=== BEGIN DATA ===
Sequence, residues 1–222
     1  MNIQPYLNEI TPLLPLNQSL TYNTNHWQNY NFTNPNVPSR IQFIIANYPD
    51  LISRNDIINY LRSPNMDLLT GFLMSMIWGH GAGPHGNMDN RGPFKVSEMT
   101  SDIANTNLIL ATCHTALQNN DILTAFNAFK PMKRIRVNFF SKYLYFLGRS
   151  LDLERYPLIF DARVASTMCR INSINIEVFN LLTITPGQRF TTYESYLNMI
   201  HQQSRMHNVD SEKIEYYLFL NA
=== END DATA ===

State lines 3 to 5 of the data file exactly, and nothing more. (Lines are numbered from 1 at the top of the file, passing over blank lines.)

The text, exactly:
    51  LISRNDIINY LRSPNMDLLT GFLMSMIWGH GAGPHGNMDN RGPFKVSEMT
   101  SDIANTNLIL ATCHTALQNN DILTAFNAFK PMKRIRVNFF SKYLYFLGRS
   151  LDLERYPLIF DARVASTMCR INSINIEVFN LLTITPGQRF TTYESYLNMI